Orphan work

An orphan work is a copyright-protected work for which rightsholders are positively indeterminate or uncontactable. Sometimes the names of the originators or rightsholders are known, yet it is impossible to contact them because additional details cannot be found.[1] A work can become orphaned through rightsholders being unaware of their holding, or by their demise (e.g. deceased persons or defunct companies) and establishing inheritance has proved impracticable.[2] In other cases, comprehensively diligent research fails to determine any authors, creators or originators for a work. Since 1989, the amount of orphan works in the United States has increased dramatically since some works are published anonymously, assignments of rights are not required to be disclosed publicly, and registration is optional and, thus, many works' statuses with respect to who holds which rights remain unknown to the public even when those rights are being actively exploited by authors or other rightsholders.[3]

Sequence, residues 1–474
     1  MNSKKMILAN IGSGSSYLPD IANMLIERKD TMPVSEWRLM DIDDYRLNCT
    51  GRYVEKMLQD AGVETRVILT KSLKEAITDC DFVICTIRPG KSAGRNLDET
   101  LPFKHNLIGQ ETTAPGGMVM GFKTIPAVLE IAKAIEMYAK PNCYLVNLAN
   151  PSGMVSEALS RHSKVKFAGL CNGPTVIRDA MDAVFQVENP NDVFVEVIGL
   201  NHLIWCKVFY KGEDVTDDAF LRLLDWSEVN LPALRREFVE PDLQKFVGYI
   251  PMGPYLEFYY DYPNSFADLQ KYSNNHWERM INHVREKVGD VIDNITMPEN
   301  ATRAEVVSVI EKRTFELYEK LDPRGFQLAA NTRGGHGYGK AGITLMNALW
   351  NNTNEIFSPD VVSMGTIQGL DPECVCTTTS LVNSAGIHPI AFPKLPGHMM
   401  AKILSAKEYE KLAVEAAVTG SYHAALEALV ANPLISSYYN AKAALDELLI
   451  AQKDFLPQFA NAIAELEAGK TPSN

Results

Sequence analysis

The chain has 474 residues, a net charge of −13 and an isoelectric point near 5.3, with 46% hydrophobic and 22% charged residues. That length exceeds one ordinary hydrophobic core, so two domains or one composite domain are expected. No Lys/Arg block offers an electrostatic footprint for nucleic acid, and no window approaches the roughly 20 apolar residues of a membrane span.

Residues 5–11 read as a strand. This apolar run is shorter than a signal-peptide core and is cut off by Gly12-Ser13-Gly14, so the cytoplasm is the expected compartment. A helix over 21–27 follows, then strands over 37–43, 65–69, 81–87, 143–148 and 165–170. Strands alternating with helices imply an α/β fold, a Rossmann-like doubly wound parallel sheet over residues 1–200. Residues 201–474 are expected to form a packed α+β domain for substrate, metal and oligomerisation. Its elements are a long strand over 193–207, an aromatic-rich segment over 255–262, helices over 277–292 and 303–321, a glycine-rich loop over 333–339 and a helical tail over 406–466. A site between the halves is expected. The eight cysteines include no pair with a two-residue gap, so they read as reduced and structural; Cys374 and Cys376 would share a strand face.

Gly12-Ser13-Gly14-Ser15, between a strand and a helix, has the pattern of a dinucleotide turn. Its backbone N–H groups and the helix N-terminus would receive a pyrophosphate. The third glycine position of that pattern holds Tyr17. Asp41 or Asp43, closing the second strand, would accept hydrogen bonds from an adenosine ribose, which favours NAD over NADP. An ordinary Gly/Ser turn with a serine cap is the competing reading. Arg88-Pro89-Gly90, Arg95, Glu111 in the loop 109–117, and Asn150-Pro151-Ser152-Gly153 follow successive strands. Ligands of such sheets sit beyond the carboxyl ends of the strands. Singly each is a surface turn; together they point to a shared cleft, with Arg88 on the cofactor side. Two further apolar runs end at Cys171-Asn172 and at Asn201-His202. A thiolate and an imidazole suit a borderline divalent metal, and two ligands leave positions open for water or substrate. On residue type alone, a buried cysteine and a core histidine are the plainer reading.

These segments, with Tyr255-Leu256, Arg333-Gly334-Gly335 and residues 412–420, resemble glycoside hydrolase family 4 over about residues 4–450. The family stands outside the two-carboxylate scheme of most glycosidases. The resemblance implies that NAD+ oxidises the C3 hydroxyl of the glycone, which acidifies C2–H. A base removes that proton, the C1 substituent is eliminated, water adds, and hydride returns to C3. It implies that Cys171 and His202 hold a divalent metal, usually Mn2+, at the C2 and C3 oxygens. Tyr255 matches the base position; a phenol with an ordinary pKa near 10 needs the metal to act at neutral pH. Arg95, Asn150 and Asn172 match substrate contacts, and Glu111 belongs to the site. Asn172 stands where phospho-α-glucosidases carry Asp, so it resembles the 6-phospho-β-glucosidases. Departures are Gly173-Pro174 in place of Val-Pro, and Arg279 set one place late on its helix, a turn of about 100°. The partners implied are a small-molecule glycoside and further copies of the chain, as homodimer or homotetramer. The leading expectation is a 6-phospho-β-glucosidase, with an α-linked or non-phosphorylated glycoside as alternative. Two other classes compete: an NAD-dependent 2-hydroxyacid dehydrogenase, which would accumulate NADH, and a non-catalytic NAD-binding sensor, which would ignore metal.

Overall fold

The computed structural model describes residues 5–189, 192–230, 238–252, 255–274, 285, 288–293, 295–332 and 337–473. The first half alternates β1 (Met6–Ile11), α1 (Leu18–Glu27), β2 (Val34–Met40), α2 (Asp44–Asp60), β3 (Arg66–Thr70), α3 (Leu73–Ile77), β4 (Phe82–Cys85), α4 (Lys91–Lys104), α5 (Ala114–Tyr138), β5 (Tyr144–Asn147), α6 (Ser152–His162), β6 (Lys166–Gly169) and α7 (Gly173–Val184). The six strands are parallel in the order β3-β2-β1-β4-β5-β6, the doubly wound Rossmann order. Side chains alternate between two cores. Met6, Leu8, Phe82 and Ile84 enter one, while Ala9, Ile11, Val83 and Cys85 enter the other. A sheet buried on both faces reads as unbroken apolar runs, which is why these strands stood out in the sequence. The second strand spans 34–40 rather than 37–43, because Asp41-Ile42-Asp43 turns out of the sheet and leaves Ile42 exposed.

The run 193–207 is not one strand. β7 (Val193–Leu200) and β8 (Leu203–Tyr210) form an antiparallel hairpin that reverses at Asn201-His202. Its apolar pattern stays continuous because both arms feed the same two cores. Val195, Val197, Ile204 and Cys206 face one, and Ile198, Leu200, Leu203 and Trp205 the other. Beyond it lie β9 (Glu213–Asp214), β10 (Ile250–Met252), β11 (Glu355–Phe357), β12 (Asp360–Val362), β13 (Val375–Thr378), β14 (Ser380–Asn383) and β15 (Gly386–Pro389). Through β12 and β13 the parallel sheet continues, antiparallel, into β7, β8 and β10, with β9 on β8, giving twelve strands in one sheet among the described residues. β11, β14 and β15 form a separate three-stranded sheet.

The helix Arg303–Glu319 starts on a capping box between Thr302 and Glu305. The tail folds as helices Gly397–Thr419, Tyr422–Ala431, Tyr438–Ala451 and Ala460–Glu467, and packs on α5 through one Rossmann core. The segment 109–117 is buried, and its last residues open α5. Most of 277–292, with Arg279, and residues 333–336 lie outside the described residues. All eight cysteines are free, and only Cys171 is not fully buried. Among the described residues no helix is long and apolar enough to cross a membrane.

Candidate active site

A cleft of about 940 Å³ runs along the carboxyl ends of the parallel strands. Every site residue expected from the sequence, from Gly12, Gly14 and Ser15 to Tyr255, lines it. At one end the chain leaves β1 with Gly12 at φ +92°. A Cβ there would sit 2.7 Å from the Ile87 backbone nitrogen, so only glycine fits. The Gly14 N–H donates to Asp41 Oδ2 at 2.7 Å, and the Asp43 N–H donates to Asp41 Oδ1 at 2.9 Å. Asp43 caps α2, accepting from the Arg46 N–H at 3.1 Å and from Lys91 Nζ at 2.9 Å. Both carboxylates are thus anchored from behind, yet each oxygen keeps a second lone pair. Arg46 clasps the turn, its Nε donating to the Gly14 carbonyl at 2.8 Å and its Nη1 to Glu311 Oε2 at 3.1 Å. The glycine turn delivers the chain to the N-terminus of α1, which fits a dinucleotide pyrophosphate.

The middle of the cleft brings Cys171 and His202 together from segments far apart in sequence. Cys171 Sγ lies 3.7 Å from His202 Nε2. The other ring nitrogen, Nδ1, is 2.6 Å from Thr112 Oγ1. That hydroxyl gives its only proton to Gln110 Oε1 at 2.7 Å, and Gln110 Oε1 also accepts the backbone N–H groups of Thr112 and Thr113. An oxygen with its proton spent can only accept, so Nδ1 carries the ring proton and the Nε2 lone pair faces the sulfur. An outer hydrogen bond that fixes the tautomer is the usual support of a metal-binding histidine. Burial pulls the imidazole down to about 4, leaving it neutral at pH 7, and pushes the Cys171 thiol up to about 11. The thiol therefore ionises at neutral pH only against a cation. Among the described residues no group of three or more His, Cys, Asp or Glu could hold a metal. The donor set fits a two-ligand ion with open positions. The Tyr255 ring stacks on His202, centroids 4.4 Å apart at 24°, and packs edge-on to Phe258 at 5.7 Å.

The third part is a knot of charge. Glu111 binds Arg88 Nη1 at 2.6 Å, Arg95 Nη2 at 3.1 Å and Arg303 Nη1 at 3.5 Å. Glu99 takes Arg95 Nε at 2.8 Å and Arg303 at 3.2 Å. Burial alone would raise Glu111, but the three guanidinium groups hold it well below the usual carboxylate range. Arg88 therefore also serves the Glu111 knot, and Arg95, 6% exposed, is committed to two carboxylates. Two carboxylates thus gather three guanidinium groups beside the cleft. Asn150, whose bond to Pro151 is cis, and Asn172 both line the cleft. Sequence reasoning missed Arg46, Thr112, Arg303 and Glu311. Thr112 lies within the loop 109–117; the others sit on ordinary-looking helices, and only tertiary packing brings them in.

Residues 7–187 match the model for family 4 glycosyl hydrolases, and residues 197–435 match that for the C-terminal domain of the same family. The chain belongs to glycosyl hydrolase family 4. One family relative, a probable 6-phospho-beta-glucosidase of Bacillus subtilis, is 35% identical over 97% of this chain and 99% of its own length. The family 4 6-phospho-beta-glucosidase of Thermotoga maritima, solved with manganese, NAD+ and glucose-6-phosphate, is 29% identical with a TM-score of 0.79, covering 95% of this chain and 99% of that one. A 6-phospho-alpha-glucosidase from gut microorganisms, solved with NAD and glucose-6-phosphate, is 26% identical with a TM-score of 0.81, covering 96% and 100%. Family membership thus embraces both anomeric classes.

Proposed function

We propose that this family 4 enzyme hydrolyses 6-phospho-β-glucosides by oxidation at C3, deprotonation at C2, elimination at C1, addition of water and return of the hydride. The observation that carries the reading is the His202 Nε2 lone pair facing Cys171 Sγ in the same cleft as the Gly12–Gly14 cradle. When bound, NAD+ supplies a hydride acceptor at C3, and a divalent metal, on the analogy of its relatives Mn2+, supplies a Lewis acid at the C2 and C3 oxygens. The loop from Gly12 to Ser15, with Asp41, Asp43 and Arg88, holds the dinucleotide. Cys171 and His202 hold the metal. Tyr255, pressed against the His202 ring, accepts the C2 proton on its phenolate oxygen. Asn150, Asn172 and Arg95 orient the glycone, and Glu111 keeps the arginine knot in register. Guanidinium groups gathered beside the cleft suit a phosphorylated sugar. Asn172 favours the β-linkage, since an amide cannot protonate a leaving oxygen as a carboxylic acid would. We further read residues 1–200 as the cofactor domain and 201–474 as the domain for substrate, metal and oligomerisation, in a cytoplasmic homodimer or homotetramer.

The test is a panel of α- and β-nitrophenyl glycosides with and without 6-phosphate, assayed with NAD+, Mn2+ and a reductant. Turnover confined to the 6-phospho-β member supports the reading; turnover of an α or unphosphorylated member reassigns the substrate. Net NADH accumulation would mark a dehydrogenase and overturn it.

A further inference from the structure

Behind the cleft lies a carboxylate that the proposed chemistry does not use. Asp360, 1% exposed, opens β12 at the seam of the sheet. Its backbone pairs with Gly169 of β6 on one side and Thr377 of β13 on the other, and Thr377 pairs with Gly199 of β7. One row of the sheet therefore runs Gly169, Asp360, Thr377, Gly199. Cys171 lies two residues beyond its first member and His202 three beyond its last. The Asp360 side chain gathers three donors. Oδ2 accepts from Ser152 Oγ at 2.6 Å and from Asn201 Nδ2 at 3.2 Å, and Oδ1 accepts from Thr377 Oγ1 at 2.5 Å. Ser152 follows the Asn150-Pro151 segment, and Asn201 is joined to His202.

1. ^ Borgman, Christine L. (2007). Scholarship in the digital age: information, infrastructure, and the internet. MIT Press. p. 108. ISBN 978-0-262-02619-2.
  2. ^ In from the Cold: An assessment of the scope of 'Orphan Works' and its impact on the delivery of services to the public (PDF). JISC Collections Trust. April 2009. p. 9. Archived from the original (PDF) on 2009-11-18. Retrieved 2020-07-06.
  3. ^ National Writers Union (March 5, 2021). "NWU comments on discussion draft, Digital Copyright Act (DCA) of 2021" (PDF).

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